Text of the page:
UK model's reps say her kidnapping was real despite shoe shopping
A British model who says she was kidnapped in Italy broke down when investigators confronted her with statements from witnesses who reported seeing her shopping for shoes with an alleged captor, according to court documents obtained Tuesday by The Associated Press.
Chloe Ayling initially told Milan police she was held, at times with her hands and feet cuffed to a dresser, at a remote farmhouse for six days and never left the dwelling until one of her kidnappers released her at the British consulate in Milan on July 17.
But on the second day of questioning, detectives presented the 20-year-old with witness statements saying she and the main suspect were seen buying shoes for her the day before her release, according to Ayling's court deposition.
In tears, she told investigators she couldn't give a "reasonable explanation" for why she had omitted the shopping trip, but said she considered the man she accompanied her best chance at freedom.
The arrest of a suspect in Ayling's abduction and her account of her alleged ordeal have garnered international media attention since gripping details about the case emerged over the weekend.
Police released a dramatic narrative about how the woman was allegedly lured to Milan with the promise of a modeling job, then drugged at a supposed photographer's studio on July 11, zipped inside a canvas bag and transported to a farmhouse near Turin.
Her captors told her she had been captured by a criminal group called "Black Death" and that she would be held for ransom or auctioned off on the clandestine "dark web," Milan police said, citing Ayling's description.
The main suspect, Lukasz Pawel Herba, freed her at the British Consulate in Milan. He has been arrested on charges of kidnapping to extort money and falsifying documents, pending an indictment.
Police said they are looking for as many as four accomplices.
Both Ayling's Italian lawyer and the talent agent who sent her to Italy lashed out Tuesday at skeptics who have expressed doubts about her story. The lawyer and agent said the incredible details have borne out under prosecutorial and investigatory scrutiny.
"I can assure everybody that it was real and very frightening for all concerned," agent Phil Green of the Supermodel Agency said.
The lawyer, Francesco Pesce, said his client had been threatened with death throughout the ordeal and decided it was better to cooperate with Herba.
"She did testify that she went with her captor to buy shoes and buy groceries, and this does appear to be strange. I understand this and I will continue to respond to this," Pesce said. "She was told by this man that there were many people of this 'Black Death' organization around her, and even if she tried to flee, she was going to die."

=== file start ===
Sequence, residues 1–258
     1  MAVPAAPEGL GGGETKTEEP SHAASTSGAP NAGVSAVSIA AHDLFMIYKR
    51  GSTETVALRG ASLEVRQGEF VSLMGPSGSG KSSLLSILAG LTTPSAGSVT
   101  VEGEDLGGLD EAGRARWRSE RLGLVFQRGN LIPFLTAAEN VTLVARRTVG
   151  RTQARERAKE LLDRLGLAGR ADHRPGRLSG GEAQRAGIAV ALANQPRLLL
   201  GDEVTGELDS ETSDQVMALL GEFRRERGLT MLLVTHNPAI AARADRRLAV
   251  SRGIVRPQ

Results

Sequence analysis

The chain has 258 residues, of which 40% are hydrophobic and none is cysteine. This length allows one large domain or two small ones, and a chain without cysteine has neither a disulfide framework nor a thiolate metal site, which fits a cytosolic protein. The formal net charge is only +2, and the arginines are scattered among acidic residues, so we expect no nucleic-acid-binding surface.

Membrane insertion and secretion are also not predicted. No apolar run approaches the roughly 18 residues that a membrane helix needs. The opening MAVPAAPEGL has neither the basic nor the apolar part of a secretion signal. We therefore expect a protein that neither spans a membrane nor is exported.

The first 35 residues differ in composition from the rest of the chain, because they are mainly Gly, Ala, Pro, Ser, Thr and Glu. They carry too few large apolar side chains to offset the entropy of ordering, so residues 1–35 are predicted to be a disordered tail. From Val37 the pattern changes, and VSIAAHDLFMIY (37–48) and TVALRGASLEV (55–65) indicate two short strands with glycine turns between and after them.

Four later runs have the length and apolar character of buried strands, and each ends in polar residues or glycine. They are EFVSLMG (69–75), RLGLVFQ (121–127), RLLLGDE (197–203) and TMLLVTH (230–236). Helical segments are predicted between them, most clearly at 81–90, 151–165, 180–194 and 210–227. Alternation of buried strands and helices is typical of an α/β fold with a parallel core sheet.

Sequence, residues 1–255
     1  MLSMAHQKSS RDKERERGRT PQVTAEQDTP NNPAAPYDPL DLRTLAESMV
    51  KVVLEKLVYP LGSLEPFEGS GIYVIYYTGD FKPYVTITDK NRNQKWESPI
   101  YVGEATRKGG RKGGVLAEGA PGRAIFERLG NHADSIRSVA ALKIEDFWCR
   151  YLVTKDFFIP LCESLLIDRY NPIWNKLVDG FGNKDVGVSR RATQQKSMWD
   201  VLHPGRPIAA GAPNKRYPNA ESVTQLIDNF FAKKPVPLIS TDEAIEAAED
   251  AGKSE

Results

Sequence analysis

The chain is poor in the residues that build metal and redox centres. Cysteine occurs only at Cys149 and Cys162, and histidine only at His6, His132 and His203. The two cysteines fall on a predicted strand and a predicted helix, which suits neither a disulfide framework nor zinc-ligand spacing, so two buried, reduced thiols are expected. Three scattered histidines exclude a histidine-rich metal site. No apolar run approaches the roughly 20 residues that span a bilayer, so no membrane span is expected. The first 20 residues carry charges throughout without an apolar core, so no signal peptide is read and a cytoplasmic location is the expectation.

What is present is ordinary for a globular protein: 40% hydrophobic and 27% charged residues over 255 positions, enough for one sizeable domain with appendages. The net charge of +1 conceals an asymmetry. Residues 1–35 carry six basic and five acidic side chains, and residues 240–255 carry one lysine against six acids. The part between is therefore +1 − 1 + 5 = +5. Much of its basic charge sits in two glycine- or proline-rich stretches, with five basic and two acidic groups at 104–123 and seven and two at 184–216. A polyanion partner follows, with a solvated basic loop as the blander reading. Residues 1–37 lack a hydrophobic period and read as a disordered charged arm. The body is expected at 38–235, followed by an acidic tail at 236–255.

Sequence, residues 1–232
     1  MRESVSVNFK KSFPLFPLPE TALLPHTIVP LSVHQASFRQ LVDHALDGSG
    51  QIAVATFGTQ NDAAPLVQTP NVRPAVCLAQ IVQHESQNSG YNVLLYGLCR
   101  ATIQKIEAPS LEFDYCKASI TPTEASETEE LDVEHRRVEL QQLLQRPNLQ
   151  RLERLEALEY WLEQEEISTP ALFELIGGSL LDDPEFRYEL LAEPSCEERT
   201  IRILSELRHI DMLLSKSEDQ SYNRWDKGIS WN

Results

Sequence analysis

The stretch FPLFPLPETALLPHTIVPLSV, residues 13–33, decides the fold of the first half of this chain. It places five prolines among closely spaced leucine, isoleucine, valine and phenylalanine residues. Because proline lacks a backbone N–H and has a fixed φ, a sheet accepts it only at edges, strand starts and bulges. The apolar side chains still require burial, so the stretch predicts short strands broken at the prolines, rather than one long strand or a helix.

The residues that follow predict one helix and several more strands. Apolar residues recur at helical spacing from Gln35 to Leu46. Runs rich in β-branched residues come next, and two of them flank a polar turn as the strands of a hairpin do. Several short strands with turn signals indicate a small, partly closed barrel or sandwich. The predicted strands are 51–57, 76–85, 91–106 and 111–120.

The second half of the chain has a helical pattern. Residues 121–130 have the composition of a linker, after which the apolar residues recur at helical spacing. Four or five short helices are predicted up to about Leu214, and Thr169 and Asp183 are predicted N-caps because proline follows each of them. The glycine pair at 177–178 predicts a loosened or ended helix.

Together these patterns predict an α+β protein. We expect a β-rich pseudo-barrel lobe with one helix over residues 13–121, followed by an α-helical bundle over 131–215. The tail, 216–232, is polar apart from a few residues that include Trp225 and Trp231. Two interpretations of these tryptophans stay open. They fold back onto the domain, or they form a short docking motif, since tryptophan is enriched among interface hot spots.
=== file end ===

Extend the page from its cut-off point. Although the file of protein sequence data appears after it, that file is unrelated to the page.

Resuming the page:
Ayling is what in Britain is called a "glamour model," specializing in scantily clad or topless photo shoots. She has appeared in British tabloids and worked around Europe.
She told Italian police she did about four photo sessions a month, often abroad, and had just returned from Dubai when the Milan job was scheduled.
Ayling told police she first met Herba, a 30-year-old Polish national, briefly when she was brought to Paris for another modeling job earlier this year and he came to pay her cab fare at the airport.
That job, to promote motorcycles, fell through when the photographer claimed his equipment had been robbed, she told police.
Agent Green said the Milan photo shoot seemed legitimate. The person who made the booking had "a website, previous pictures, details of his studio, details of what the shoot was going to be, times, locations, fee — everything," Green said.
But the day after Ayling was due to return, Green says he received a ransom demand for $300,000.
In Italy, Herba told Ayling that superiors in his alleged criminal organization were upset that he had abducted the model because she has a small child, according to court documents.
He also reassured her he would find a way to free her, and at one point told her he had bid 250,000 euros at the auction and she would have to send him the remaining 50,000 euros in Bitcoin when she got home free.
Other conditions of her release included publicizing the Black Death's activities, never speaking ill of the group and getting British police to drop investigations into it.
Pesce said the ordeal had left Ayling traumatized but that she understood the necessity of cooperating with police "not only for her case" but in case this group has other victims.
"She understands that there is a bigger picture," he said.